Under fire, judge ups molester's sentence
Published January 27, 2006
BURLINGTON, Vt. - A judge vilified as soft on crime by bloggers, TV commentators and politicians for giving a child molester just 60 days in jail increased the sentence Thursday to three to 10 years behind bars.
Vermont District Judge Edward Cashman said he decided to impose the longer sentence because state officials reversed course and agreed to provide sex-offender treatment to 34-year-old Mark Hulett in prison.
At the time the judge imposed the original sentence Jan. 4, Hulett had been ruled ineligible for treatment until he got out of prison. Cashman said the lighter sentence was the only way to make sure Hulett got prompt treatment.
In his latest order, Cashman again said he is concerned with more than just punishment.
"The court agrees a punitive response - punishment - is a valuable and necessary component of society's response to criminal conduct," he said. " As stated during the sentencing hearing, however, punishment is not enough of a response in some cases. This is one of those cases." Hulett, 34, pleaded guilty to charges that he had sexual contact with a girl during a four-year period beginning when she was 6.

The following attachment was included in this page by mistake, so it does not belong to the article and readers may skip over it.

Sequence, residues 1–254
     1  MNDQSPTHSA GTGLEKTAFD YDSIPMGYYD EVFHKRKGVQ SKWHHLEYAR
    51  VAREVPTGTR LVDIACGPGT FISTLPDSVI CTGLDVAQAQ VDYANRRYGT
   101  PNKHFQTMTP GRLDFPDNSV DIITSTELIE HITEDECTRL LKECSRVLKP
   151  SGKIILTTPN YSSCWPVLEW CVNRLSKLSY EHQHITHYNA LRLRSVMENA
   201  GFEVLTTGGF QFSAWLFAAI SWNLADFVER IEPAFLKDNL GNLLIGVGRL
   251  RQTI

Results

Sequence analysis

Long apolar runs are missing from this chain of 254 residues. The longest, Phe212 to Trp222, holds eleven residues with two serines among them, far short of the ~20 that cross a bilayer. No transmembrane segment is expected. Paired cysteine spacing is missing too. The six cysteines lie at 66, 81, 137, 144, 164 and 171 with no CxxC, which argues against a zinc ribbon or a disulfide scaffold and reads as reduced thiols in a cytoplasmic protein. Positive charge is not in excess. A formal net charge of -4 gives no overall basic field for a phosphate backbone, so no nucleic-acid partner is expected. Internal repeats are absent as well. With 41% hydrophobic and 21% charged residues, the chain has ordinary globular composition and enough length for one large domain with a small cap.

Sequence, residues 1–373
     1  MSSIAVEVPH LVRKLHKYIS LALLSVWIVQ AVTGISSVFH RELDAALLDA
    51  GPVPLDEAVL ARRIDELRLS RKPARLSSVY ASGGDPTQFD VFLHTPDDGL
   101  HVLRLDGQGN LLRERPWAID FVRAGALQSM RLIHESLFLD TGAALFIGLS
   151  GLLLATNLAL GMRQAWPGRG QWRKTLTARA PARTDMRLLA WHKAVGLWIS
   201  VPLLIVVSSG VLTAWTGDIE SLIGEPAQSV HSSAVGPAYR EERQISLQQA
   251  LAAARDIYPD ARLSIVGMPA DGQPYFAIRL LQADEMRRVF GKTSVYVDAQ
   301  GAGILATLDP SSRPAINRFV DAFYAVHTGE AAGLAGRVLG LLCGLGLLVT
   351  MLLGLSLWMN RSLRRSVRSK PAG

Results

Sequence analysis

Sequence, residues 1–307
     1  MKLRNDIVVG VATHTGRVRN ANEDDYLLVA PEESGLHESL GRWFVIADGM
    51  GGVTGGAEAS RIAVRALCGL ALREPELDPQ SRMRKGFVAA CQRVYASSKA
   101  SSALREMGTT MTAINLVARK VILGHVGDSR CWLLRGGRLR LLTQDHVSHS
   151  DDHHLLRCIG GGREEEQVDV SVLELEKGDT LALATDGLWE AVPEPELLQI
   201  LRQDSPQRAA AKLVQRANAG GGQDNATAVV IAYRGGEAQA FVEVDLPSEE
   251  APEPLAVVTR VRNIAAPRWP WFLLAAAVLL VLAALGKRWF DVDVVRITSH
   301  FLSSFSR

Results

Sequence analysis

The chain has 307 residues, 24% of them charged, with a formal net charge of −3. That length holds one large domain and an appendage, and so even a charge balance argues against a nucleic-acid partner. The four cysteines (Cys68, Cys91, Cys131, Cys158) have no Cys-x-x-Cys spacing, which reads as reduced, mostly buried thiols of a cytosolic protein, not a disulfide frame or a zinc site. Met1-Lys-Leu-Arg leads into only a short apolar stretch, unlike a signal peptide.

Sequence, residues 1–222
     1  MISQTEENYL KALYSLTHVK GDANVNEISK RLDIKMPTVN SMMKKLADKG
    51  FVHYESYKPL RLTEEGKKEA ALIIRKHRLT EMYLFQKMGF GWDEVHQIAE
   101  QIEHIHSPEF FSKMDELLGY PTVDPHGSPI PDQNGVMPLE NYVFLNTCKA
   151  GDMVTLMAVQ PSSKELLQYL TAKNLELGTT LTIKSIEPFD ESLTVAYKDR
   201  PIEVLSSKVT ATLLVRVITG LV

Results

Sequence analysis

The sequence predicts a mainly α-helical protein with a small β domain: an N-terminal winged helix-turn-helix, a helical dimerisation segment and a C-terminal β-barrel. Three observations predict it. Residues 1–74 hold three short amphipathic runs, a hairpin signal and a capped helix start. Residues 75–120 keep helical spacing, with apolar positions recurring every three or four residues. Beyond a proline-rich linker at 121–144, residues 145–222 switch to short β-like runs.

After issuing the original sentence, Cashman received a storm of criticism. Gov. James Douglas called on the judge to resign, and lawmakers demanded his impeachment.
Douglas said he considered the new sentence still too lenient.
"It's 18 times 60 days, so it's certainly an improvement," Douglas said. "Personally I think it's inadequate for a crime of that magnitude, but it is certainly better than the first decision."
Hulett will have to serve at least three years behind bars.
"I think it is fair," said his lawyer, Mark Kaplan.
The victim's family left the courtroom without comment.
[Last modified January 27, 2006, 01:22:12]
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